This week, archaeologists conducting excavations at the abandoned church of St. Mary’s in Stoke Mandeville, England, discovered strange stone carvings and medieval graffiti suspected to be “witches’ marks,” or protective symbols designed to ward off evil spirits.
Per a statement, the etchings are among the many “exciting” archaeological finds made ahead of construction of HS2, a controversial, high-speed railways set to connect much of Great Britain. Previous discoveries include the skeleton of an Iron Age murder victim, remnants of Britain’s prehistoric coastline and a prehistoric hunter-gatherer site on the outskirts of London.
Two stones found at St. Mary’s feature spoke-like lines radiating out from central holes—a design perhaps meant to entrap malicious spirits, dooming them to forever wander around an endless line or maze. Alternatively, the statement notes, the markings could be rudimentary sun dials, or scratch dials, used to signal when it was time for morning, midday and evening prayers.
“Discoveries such as these unusual markings have opened up discussions as to their purpose and usage, offering a fascinating insight into the past,” says Michael Court, lead archaeologist at HS2, in the statement.
One of the carvings identified at the site was situated close to ground level on the church’s west buttress, making it more likely to be a witches’ mark than a scratch dial. As the United Kingdom’s National Churches Trust notes, these timekeeping tools were typically scratched into churches’ south walls. Priests placed a stick in the dial’s central hole; when the stick’s shadow crossed one of the lines etched onto the wall, petitioners knew it was time for the next service.
Witches’ marks, meanwhile, were often inscribed near the entrances of churches, houses, barns or caves. According to Historic England, researchers have previously spotted the ritualistic symbols on buildings dating from the early medieval period to the 19th century.
As Hannah Furness wrote for the Telegraph in 2014, archaeologists previously discovered witches’ marks at a Kent estate visited by James I shortly after the failed Gunpowder Plot. The etchings—likely carved to protect the king—testified to the atmosphere of paranoia and uncertainty that dominated England following the assassination attempt. And just this month, BBC News reported that the New Forest National Park Authority had created a digital portal that allows users to explore witches’ marks and other etchings left on trees in England’s New Forest.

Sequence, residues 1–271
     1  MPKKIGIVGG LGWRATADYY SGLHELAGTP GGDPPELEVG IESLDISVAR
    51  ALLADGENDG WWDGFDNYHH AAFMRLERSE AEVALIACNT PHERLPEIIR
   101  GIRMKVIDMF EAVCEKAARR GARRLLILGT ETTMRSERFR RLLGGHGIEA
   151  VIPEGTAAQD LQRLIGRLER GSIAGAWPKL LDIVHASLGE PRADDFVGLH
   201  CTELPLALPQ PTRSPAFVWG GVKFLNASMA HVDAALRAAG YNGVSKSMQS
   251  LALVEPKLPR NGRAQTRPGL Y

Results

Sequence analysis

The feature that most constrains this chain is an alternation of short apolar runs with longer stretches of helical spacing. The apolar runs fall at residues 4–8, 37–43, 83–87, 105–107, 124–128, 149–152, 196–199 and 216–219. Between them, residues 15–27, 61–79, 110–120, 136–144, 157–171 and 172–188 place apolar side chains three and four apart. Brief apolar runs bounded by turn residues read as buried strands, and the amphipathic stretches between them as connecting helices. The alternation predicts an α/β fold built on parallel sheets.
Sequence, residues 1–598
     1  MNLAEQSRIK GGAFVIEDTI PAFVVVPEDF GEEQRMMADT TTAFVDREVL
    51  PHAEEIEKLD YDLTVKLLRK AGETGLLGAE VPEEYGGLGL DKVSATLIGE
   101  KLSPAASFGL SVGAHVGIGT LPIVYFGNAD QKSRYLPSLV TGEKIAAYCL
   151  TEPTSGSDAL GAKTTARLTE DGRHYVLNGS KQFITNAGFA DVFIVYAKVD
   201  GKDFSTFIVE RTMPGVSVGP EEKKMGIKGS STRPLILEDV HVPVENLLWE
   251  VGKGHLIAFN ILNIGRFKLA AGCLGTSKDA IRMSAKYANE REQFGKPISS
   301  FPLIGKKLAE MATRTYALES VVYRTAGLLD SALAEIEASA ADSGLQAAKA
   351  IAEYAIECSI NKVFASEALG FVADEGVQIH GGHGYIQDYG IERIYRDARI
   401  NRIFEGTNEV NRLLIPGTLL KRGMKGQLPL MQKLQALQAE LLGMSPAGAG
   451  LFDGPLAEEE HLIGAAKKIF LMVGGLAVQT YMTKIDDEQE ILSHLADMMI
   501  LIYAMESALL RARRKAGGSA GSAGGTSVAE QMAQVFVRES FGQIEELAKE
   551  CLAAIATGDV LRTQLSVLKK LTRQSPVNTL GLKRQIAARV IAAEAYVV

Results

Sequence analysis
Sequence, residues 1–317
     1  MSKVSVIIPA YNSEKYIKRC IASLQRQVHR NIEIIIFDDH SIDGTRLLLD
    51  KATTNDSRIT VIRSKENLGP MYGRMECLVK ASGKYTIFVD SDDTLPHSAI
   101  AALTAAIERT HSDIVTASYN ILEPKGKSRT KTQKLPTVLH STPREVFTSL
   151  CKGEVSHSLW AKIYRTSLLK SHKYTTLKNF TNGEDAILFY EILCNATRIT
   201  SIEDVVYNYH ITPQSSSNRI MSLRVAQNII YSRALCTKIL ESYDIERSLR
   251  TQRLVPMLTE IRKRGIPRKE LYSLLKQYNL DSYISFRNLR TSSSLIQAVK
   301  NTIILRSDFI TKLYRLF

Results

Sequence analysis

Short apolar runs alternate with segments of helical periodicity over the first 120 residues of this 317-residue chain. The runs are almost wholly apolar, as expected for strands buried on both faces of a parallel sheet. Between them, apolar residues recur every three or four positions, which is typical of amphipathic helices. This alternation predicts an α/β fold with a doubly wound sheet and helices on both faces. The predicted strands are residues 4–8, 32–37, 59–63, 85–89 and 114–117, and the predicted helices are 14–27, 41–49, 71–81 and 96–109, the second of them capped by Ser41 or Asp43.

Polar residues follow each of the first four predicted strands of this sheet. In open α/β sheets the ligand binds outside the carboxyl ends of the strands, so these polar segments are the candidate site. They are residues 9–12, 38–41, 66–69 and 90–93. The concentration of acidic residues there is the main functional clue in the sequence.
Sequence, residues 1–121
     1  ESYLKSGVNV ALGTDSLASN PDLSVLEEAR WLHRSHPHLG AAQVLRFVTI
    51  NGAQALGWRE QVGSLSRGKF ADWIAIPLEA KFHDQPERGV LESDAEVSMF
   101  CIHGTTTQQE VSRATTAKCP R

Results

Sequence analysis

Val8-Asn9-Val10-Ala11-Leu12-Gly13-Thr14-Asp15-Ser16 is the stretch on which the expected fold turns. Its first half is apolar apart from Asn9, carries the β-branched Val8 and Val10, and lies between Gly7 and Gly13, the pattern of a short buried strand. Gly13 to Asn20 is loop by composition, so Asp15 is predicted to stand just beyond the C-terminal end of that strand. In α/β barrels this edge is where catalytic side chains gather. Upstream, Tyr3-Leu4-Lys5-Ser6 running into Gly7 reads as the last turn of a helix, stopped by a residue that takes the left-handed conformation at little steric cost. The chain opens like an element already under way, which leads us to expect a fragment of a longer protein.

According to the statement, St. Mary’s was built as a private chapel around 1070. A church and aisle followed, and by the 1340s, the structure had become a communal house of worship. A new church located closer to the village replaced St. Mary’s in 1866, and the now-derelict building was demolished in the 1960s, per the Stoke Mandeville Parish Council.
To clear the way for HS2, archaeologists excavated and fully deconstructed the medieval church—a process last undertaken in Great Britain in the 1970s. Interestingly, the team found that some of St. Mary’s walls had survived the earlier demolition, standing nearly five feet tall and even boasting intact floors.
“The HS2 excavation work at Stoke Mandeville has allowed our team of archaeologists to uncover a unique site and get a once in a lifetime opportunity to examine the story of how the church at St. Mary’s developed,” says Andrew Harris, historic environment manager at contractor Fusion JV, in the statement. “The levels of preservation of some of the features of the church are surprising given its age, and we look forward to continuing this work and being able to share our discoveries with the local communities.”
The HS2 project itself is controversial, with critics from groups such as Extinction Rebellion and Stop HS2 citing high costs (upward of $128 billion, per Tom Burridge of BBC News), environmental risks and potential loss of heritage.
In February 2019, the Buckinghamshire Archaeological Society raised concerns over HS2’s exhumation of human remains at St. Mary’s, as Thomas Bamford reported for the Bucks Herald at the time. Previously, the society had argued against the planned excavation, stating that “[t]he situation faced by Stoke Mandeville’s deserted village site, unprotected by legislation and prey to the bulldozers, is but one example among many sites along the route—in Buckinghamshire and other counties along the route.”